Physician Assisted Suicide and Behavioral Health

Apr 26, 2017
From the Field

Steve Lindquist
Assistant Vice President for Behavioral Health
Avera Behavioral Health Center
Sioux Falls, SD
[email protected]

The 1946 movie, "It's a Wonderful Life", is a familiar Christmas classic. One of my favorite scenes is the one in which the lead character, George Bailey, played by Jimmy Stewart, is about to jump off a bridge into the icy waters below. George intends to kill himself because he sees no way out of a financial mess he is in which was unintentionally caused by someone else. He feels his life is crashing down around him and comes to the conclusion that he is worth more dead than alive. Just before he jumps, his guardian angel, Clarence, who is trying to "win his wings" by helping George, jumps into the water first. George selflessly jumps in to rescue this stranger.

The two take refuge in the bridge toll keeper's station to warm themselves. The toll keeper asks Clarence how he fell into the water.

 — "I didn't fall in. I jumped in to save George," said Clarence.

 — "To what? To save me?" George responds.

 — "Well I did. You didn't go through with it did you?"

 — "With what?"

 — "Suicide."

The toll keeper overhears and says, "That's against the law to commit suicide around here."

Clarence the angel responds, "That's against the law where I come from too".

The toll keeper's comments represent the legal view that suicide is prohibited by law. Clarence's comments represent the moral or ethical view that taking one's own life is wrong. There was congruence between the legal and the moral views.

For most of my career at Avera Health, I have been involved with behavioral health services as a provider, administrator or policy maker. Our goal is to help people improve their mental health condition and positively work through challenging issues. We do what we can medically. Legally, states have long-standing laws that allow involuntary commitment when the person, due to a mental illness, is a danger to themselves or others. The intention is to protect the person or others from harm even when the person is unwilling to seek treatment voluntarily. I have seen individuals who at one time were very determined to end their lives and later express gratitude for their treatment and thankfulness that they are still alive. Sometimes this outcome is only possible because the law allows us to intervene.

Danger to self takes the form of harming or killing one's self through direct or indirect means which can be intentional or unintentional due to a mental illness. At one time state laws were rather vague as to the criteria for committing a person with mental illness although the general theme was protecting the public and the person. The concept of parens patriae took precedence, giving the state power to act as guardian for those who are unable to care for themselves, often children or those who are incapacitated or unable to exercise informed consent. In cases where there might be doubt, it was typical to err on the side of caution and protection. More recently, individual rights and civil liberties have assumed greater prominence, creating a necessary tension between individual rights and public interest.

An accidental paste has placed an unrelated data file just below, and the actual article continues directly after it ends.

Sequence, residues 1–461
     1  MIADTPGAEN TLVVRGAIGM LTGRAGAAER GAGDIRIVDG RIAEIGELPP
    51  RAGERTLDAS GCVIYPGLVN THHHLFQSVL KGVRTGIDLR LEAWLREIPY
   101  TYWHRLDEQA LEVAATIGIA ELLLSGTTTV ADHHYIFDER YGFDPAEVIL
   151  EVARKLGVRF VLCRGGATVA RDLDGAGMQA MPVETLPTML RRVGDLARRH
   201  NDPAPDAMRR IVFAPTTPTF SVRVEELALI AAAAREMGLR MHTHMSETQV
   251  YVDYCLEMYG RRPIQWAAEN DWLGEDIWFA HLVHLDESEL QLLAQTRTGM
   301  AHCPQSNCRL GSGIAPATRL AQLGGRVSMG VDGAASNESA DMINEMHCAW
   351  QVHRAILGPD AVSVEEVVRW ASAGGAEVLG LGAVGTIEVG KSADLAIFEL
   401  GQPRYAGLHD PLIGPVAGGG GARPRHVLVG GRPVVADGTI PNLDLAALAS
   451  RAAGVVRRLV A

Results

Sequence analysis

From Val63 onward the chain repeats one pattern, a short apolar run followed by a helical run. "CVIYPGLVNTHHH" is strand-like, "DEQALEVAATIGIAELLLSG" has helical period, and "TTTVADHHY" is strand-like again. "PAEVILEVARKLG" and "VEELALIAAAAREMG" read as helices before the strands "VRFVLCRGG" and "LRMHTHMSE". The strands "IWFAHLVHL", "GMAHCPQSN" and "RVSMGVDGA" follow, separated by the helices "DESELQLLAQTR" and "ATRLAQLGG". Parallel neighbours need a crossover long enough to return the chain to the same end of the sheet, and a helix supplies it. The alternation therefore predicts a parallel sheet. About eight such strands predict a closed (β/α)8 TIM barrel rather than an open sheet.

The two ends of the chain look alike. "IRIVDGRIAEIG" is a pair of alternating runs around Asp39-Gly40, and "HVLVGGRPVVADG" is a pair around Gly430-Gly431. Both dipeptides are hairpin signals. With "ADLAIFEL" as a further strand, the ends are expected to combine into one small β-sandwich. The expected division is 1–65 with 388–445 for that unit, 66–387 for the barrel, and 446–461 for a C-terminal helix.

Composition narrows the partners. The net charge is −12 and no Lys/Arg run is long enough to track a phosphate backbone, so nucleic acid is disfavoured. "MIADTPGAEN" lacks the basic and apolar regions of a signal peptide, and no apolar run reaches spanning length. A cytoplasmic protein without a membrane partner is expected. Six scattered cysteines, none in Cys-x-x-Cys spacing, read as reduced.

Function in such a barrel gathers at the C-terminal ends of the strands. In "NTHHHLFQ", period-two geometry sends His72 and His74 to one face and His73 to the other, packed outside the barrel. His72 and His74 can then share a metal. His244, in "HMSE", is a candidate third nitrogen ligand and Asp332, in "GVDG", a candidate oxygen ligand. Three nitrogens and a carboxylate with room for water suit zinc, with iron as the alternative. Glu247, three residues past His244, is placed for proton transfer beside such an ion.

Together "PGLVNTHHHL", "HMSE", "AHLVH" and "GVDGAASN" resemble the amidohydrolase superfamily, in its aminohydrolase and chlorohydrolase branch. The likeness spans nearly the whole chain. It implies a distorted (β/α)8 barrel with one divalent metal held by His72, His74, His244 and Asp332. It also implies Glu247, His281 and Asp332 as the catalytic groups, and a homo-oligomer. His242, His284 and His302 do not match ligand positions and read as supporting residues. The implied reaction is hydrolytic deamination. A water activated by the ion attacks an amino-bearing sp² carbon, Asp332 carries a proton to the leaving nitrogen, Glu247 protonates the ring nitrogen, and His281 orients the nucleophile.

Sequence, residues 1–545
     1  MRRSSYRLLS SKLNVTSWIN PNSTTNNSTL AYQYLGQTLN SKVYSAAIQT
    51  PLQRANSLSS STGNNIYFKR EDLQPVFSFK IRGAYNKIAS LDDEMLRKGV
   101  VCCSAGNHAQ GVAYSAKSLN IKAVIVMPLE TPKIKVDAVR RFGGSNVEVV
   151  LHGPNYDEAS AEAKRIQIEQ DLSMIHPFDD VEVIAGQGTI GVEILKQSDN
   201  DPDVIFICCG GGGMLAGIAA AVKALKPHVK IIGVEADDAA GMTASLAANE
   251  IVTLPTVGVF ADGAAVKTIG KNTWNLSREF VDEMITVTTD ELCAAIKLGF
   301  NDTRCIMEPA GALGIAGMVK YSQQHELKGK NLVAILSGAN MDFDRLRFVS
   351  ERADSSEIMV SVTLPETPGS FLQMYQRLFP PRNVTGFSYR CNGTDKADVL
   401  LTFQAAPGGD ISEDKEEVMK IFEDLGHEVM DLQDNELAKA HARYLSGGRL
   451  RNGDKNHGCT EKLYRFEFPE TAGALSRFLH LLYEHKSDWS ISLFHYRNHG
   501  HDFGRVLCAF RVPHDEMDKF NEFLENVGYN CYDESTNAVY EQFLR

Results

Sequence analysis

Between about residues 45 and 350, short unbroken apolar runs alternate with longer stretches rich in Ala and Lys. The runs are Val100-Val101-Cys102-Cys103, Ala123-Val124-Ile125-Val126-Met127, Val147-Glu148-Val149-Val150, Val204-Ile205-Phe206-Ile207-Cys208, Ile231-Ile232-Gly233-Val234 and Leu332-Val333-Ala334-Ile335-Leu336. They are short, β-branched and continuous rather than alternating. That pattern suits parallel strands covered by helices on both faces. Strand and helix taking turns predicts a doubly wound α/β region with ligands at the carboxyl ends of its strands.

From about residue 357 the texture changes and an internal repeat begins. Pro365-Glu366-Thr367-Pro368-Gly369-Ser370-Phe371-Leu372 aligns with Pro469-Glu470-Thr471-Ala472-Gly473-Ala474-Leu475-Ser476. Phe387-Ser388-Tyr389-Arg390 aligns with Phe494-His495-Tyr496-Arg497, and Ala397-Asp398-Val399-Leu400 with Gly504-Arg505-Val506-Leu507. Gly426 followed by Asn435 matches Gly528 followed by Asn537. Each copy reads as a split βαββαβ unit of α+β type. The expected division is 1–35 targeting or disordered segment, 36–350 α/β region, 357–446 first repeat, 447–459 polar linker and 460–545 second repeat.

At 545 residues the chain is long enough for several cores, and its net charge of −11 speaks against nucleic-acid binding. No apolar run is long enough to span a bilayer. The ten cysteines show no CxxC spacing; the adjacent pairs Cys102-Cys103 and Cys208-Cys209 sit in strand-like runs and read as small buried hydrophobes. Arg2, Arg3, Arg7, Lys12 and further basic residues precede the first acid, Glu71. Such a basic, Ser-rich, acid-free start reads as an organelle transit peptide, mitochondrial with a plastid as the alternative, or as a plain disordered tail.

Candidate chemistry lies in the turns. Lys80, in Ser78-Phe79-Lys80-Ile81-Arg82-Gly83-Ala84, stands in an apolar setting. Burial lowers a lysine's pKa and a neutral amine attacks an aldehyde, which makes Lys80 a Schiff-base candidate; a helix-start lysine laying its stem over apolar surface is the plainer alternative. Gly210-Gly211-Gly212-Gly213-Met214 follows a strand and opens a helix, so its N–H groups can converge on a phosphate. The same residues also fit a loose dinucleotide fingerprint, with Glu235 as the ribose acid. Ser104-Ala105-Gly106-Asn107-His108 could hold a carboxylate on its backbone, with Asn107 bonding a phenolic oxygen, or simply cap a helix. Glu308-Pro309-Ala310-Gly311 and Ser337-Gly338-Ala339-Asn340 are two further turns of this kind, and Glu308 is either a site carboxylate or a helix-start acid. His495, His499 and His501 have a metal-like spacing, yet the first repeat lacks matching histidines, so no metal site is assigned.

In recent years, there have been attempts to tackle the growing suicide rate by identifying suicidal ideation earlier and taking steps to prevent suicidal actions. On February 24, 2016, The Joint Commission sent out Sentinel Event Alert, Issue 56, titled "Detecting and Treating Suicide Ideation in All Settings". That publication notes that the rate of suicide is increasing in the U.S. and is now the 10th leading cause of death, taking more lives than traffic accidents and more than twice as many as homicide. The alert also notes that health care providers often do not identify patients who have suicidal thoughts. It recommends appropriate patient screening and staff training that will identify suicidal thinking early and provide a path to treatment and after care.

The national Zero Suicide initiative of the Suicide Prevention Resource Center (SPRC) is one attempt to achieve that end. It is "a commitment to suicide prevention in health and behavioral health care systems and is also a specific set of strategies and tools." The foundational belief of Zero Suicide is that suicide deaths for individuals under the care of health or behavioral health systems are preventable. Currently many entities, including Avera Health, are instituting practices identified by Zero Suicide.

It began in 2001 with an effort by Henry Ford Health Center to reduce suicides that resulted from depression. Their efforts, initially called, the "Perfect Depression Care Initiative", cut the suicide rate among the people in its insurance plan dramatically, achieving ten consecutive calendar quarters without an instance of suicide among patients participating in the program. Today Zero Suicide is national in scope and is a key priority of the Suicide Prevention Resource Center. The SPRC website says the challenge of Zero Suicide: